Traumatic optic neuropathy (TON) is a frequent cause of significant visual loss after the combat-related frontal head trauma. In TON, the injury of the optic nerve originates from concussive forces to the head. There is no clinically proven therapy for improving visual outcomes in TON patients. Our goal is to conduct studies needed to advance the proposed drug candidate, B-3(+), to clinical development for the TON indication. The injury-induced swelling of the optic nerve leads to its compression, triggering significant damage to optic nerve axons, which transmit visual information from the eye to the brain. Reduction of optic nerve swelling is a sound strategy for the prevention of TON-related loss of vision. B-3(+) is an abandoned drug that has demonstrated significant efficacy in preventing mortality in animal models of concussive brain injury. B-3(+) acts as a polypharmacological agent capable of significantly reducing insult-induced nerve cell swelling in a number of experimental systems. Given the efficacy of B-3(+) in animal models of traumatic brain injury and assuming that mechanisms of neuronal damage in the optic nerve are likely to be analogues to those of the rest of the central nervous system, we suggest that intraocularly administered B-3(+) may be used as a treatment for traumatic optic neuropathy associated with combat-related traumatic brain injury. Our preliminary data indicates that intravitreally administered B-3(+) confers optic nerve protection in the guinea pig optic nerve crush model which is consistent with desired preclinical efficacy of the drug candidate.
The overall objective of the proposed project is to conduct studies needed to support regulatory filings required for B-3(+) to enter clinical development for the TON indication. B-3(+) had been systemically administered to humans in Phase I clinical trials for trauma-induced brain edema indicating that it successfully passed some hurdles of preclinical development. However, B-3(+) has never been approved by the US Food and Drug Administration due to kidney toxicity associated with the systemically administered drug. We suggest that intraocular delivery of relatively small B-3(+) doses would lead to the negligible systemic exposure, alleviating the concern for drug nephrotoxicity. Additional studies are required for advancing B-3(+) as a treatment for TON. We will conduct B-3(+) evaluation in a standard set of in-vitro ADMET assays and develop a data package required to support preclinical and clinical development of the drug candidate. In addition, we will perform characterization of ocular and systemic pharmacokinetic properties of B-3(+) in beagle dogs, and define the range of efficacious ocular drug concentrations in the guinea pig optic nerve crush model. The results of our study will facilitate clinical development of B-3(+) as a treatment for TON.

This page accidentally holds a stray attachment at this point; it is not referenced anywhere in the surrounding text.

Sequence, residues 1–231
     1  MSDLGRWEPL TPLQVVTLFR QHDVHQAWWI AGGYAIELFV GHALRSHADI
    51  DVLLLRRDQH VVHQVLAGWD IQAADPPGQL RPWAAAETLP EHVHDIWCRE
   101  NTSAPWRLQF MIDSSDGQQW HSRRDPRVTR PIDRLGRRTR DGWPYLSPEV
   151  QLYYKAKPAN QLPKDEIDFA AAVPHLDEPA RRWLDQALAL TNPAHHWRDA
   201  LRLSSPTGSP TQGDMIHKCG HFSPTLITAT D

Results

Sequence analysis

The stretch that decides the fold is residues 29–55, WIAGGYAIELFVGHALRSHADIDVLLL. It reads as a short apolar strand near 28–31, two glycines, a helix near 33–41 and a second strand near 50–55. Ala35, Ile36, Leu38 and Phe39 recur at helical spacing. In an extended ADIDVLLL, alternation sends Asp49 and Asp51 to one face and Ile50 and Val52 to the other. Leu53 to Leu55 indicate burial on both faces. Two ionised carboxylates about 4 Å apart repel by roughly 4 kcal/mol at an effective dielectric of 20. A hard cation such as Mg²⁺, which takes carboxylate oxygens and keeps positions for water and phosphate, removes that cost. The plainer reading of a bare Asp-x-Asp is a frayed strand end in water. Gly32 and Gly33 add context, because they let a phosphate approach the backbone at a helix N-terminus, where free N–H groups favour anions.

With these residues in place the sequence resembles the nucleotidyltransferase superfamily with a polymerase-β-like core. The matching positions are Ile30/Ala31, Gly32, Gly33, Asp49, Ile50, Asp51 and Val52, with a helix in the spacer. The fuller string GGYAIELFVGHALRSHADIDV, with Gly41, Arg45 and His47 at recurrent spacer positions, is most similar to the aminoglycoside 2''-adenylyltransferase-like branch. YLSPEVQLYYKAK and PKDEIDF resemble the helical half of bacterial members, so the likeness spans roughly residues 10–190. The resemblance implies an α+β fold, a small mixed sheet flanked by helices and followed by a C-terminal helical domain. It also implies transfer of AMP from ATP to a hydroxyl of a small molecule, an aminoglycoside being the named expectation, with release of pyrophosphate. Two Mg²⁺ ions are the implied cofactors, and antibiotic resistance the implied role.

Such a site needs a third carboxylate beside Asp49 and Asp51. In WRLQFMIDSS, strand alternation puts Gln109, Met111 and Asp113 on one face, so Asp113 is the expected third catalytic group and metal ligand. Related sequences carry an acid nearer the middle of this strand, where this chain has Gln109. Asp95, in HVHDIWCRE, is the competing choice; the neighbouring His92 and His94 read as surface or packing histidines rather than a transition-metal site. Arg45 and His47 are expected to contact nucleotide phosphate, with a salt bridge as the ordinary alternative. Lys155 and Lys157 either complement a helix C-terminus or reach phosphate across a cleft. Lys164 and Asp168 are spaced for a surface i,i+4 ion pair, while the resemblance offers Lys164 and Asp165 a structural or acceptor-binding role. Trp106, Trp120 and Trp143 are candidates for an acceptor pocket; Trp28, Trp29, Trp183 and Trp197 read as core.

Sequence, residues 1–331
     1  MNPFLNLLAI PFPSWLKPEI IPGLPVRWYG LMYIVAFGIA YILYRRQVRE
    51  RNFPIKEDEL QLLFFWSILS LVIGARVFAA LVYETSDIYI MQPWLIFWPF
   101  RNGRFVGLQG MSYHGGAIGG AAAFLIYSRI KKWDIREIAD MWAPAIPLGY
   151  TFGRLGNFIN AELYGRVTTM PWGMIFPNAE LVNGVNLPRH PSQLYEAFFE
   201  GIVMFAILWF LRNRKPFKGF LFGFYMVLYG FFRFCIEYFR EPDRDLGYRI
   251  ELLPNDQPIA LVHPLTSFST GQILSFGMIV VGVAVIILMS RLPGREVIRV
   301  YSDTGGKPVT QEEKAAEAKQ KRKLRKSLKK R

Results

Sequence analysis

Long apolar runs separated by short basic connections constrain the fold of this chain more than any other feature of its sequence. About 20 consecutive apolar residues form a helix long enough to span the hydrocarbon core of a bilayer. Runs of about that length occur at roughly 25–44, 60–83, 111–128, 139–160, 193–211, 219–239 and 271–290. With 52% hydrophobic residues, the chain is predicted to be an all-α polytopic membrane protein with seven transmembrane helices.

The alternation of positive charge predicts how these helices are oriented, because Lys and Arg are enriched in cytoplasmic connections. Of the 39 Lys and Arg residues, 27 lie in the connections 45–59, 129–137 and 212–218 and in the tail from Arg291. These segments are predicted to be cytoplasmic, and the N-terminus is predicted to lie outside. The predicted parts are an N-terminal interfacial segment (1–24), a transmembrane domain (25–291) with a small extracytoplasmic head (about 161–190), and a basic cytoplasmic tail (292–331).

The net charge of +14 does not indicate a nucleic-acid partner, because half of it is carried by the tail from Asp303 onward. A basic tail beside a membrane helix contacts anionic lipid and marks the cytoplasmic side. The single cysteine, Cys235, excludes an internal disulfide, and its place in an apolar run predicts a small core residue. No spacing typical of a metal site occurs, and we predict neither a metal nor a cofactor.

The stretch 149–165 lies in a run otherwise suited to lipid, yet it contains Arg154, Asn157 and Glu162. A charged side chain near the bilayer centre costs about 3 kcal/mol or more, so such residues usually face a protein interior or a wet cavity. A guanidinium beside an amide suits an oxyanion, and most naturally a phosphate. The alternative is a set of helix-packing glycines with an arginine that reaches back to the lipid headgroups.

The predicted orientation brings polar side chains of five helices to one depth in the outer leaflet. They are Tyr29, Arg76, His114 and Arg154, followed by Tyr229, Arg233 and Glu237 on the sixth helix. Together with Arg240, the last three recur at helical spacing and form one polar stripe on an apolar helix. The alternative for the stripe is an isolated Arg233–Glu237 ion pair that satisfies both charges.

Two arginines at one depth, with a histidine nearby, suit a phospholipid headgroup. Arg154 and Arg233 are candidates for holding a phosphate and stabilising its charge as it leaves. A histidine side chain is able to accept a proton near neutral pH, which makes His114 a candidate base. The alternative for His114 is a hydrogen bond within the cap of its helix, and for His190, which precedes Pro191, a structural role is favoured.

Literature indicates that 59% of all blast-exposed patients admitted to Walter Reed Army Medical Center in 2003-2005 received a diagnosis of traumatic brain injury. Traumatic optic neuropathy represents a devastating ophthalmic complication in Soldiers with closed or penetrating head trauma. There is no clinically proven therapy for improving visual outcomes in TON patients. Identification of a new treatment option for TON will have a significant impact on medical management of this condition thus providing an important military benefit.